By Kevin McDonoughA half-century is a long time to commandeer the cool kids' table. "Rolling Stone: Stories From the Edge" (9 p.m., HBO, TV-MA) will air over two nights, chronicling the magazine that …
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By Kevin McDonough
A half-century is a long time to commandeer the cool kids' table. "Rolling Stone: Stories From the Edge" (9 p.m., HBO, TV-MA) will air over two nights, chronicling the magazine that launched 50 years ago this month.
"Edge" is filled with great clips of musical performances by Jimi Hendrix, Tina Turner, The Rolling Stones, Bruce Springsteen, Janis Joplin, The Sex Pistols, The Clash, Ice-T and others. It's best appreciated for its ancient footage and grainy videotaped interviews with the magazine's founders, most notably publisher Jann Wenner.
As Wenner and others describe it, they were out to cover the culture and politics of rock 'n' roll as much as reviewing new albums and celebrating emerging artists.
Directed by Alex Gibney ("Going Clear: Scientology and the Prison of Belief") and Blair Foster ("George Harrison: Living in the Material World"), "Edge" has the burden of covering the half-century history of a magazine that may have lost its edge after a decade or so.
While the early issues had the feel of an "underground" newspaper, Rolling Stone quickly became the industry organ of a very big business. That was noted as early as 1972 when Doctor Hook released the throwaway hit "The Cover of the Rolling Stone."
This is hardly the first Rolling Stone retrospective. In 1977, CBS aired "Rolling Stone * The 10th Anniversary," co-written by Steve Martin. It was considered a bomb by many and described in Billboard as "overblown, pretentious, slow-moving, and generally cheapening to both rock and roll and the magazine's good name." The same can't be said of this retrospective, but I can't blame viewers for skipping the second night.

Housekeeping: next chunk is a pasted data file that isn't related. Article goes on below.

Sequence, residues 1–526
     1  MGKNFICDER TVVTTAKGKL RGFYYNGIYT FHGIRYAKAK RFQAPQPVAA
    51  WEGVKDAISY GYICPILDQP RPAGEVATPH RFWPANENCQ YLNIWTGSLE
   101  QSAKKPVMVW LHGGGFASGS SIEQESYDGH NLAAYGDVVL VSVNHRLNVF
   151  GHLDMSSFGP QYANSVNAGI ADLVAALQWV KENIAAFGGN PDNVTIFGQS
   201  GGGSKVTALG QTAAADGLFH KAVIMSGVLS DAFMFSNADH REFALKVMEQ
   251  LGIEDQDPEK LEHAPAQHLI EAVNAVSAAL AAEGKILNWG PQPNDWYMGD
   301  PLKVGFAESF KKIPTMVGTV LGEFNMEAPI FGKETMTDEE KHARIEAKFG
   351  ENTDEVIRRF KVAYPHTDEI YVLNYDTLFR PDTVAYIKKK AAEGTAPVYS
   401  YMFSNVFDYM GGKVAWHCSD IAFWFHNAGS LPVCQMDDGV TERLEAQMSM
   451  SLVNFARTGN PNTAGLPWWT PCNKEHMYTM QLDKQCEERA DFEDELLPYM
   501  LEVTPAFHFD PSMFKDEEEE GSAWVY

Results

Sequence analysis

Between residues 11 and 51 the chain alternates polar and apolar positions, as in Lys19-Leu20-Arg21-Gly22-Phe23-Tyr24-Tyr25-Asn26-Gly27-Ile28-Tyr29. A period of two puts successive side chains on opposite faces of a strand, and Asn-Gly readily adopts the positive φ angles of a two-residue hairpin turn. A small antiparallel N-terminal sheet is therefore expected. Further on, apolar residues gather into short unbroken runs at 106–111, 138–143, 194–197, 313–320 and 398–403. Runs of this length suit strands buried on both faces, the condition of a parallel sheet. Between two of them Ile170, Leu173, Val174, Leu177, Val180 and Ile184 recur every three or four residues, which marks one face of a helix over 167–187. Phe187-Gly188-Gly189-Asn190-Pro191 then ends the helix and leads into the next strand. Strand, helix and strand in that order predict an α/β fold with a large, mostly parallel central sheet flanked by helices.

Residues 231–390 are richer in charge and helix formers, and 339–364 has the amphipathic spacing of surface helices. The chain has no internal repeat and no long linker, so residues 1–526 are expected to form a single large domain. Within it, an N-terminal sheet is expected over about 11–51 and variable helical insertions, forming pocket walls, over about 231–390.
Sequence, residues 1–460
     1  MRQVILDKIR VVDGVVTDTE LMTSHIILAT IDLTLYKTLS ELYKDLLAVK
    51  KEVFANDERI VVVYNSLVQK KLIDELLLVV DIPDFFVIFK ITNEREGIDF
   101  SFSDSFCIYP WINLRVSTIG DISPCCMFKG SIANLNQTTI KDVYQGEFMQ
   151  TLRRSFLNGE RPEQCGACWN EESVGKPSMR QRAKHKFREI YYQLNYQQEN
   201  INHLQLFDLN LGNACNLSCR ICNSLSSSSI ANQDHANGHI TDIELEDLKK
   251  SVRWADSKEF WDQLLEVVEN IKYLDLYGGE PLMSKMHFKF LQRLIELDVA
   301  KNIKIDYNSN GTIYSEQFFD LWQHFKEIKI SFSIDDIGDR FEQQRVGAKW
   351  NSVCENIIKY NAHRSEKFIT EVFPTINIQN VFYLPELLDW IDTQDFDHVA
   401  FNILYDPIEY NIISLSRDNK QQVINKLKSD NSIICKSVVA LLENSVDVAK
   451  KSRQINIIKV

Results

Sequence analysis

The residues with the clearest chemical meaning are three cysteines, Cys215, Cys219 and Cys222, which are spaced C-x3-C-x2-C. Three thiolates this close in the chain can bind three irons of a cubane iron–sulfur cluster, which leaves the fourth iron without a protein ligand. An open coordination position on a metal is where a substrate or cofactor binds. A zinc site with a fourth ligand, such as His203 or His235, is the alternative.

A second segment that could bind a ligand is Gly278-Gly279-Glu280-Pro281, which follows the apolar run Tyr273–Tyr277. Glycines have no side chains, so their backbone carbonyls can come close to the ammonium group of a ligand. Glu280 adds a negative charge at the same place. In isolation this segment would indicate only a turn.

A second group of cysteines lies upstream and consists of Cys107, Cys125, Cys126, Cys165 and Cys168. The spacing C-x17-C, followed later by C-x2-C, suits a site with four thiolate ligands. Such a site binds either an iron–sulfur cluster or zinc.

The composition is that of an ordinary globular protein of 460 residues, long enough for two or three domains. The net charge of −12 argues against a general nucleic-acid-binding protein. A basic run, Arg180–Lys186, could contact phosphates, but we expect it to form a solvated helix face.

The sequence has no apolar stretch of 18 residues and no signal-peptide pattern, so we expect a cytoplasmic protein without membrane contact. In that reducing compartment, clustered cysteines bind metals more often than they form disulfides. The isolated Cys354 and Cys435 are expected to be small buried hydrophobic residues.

• Much more heartfelt is the "Independent Lens" (10 p.m., PBS, TV-PG, check local listings) documentary "Chasing Trane," director John Scheinfeld's portrait of jazz great John Coltrane.
Denzel Washington reads from the saxophonists own words. The film offers a loose biography as well as an exploration of his music, with an accent on its unique tone, emotional power and spiritual exploration.
"Trane" features a wealth of commentary from fellow musicians and one American president, figures who stand in awe of Coltrane's pioneering work. Look and listen for insights from Bill Clinton, Sonny Rollins, Wayne Shorter, Jimmy Heath, Wynton Marsalis, Carlos Santana, Common and Doors drummer John Densmore.
Sometimes musical eras create their own kind of Big Bang. We learn that in 1959, between playing on recording sessions for Miles Davis' "Kind of Blue," Coltrane recorded his own seminal album, "Giant Steps." Again, the "awe" word.
TONIGHT'S OTHER HIGHLIGHTS
• Contestants choose songs to perform on "The Voice" (8 p.m., NBC, TV-PG).
• The 2016 documentary "All Governments Lie: Truth, Deception and the Spirit of I.F. Stone" (9 p.m., Starz) celebrates the work of contemporary investigative journalists.
• "Ride With Norman Reedus" (9 p.m., AMC, TV-14) visits the Lowcountry region between Charleston and Savannah.
• Robin Roberts hosts "Living Every Day: Luke Bryan" (10 p.m., ABC).
Female war workers and welders (Ginger Rogers, Ruth Hussey, and Kim Hunter) share housing and expenses while their men are away at war in the 1943 drama "Tender Comrade" (midnight, TCM), directed by Edward Dmytryk and written by Dalton Trumbo. Both later faced charges that they had used wartime films to spread communist propaganda.
After hours on "Kevin Can Wait" (8 p.m., CBS, TV-PG) * Missing Candy on "Lucifer" (8 p.m., Fox, TV-14) * "Dancing With the Stars" (8 p.m., ABC, TV-PG) * Going over like a lead balloon on "Supergirl" (8 p.m., CW, TV-14) * Bernadette's in labor on "The Big Bang Theory" (8:30 p.m., CBS, r, TV-PG) * Police on the spot on "Superior Donuts" (9 p.m., CBS) * Thunderbird wants answers on "The Gifted" (9 p.m., Fox, TV-14) * Gallo risks all on "Valor" (9 p.m., CW, TV-14) * Andrew feels smothered on "9JKL" (9:30 p.m., CBS) * A mad dash through the sewers on "Scorpion" (10 p.m., CBS, TV-PG) * A trip to Paris proves illuminating on "The Brave" (10 p.m., NBC, TV-14).
Sen. Jeff Flake (R-Ariz.) and Tig Notaro are booked on "The Daily Show With Trevor Noah" (11 p.m., Comedy Central) * Stephen Colbert appears on "Conan" (11 p.m., TBS) * Josh Gad, Lawrence O'Donnell and Derek DelGaudio are booked on "The Late Show With Stephen Colbert" (11:35 p.m., CBS) * Jimmy Fallon welcomes Adam Levine, Sam Rockwell and J Balvin on "The Tonight Show" (11:35 p.m., NBC) * Ellen Pompeo, John Leguizamo, Jhene Aiko and Nathan Davilmar visit "Late Night With Seth Meyers" (12:35 a.m., NBC) * William H. Macy, Bobby Moynihan, Hailey Baldwin and Weezer appear on "The Late Late Show With James Corden" (12:35 a.m., CBS).
© 2017 United Feature Syndicate
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